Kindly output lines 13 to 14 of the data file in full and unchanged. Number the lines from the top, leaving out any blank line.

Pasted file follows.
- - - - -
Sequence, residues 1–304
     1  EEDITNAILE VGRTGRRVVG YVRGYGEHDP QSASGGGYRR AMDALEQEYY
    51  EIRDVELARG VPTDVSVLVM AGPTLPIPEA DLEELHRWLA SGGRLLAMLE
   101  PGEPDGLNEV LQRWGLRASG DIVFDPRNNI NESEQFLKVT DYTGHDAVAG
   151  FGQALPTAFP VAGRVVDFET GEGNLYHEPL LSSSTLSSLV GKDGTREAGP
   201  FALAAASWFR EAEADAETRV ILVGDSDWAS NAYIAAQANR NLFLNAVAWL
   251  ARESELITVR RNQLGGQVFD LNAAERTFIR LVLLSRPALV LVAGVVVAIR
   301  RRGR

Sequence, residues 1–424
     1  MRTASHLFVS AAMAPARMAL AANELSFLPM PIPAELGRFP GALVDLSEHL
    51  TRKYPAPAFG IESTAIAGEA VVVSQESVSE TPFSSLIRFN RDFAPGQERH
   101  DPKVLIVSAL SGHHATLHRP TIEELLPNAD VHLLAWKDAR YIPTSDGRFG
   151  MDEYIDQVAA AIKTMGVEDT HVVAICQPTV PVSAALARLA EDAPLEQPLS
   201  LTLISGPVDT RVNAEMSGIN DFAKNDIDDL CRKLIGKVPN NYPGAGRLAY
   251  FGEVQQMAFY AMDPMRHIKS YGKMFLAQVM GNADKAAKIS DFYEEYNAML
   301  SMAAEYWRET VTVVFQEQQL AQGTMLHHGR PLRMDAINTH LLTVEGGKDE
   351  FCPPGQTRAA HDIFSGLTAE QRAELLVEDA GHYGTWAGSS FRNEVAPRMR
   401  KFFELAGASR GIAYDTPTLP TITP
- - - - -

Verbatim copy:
   151  MDEYIDQVAA AIKTMGVEDT HVVAICQPTV PVSAALARLA EDAPLEQPLS
   201  LTLISGPVDT RVNAEMSGIN DFAKNDIDDL CRKLIGKVPN NYPGAGRLAY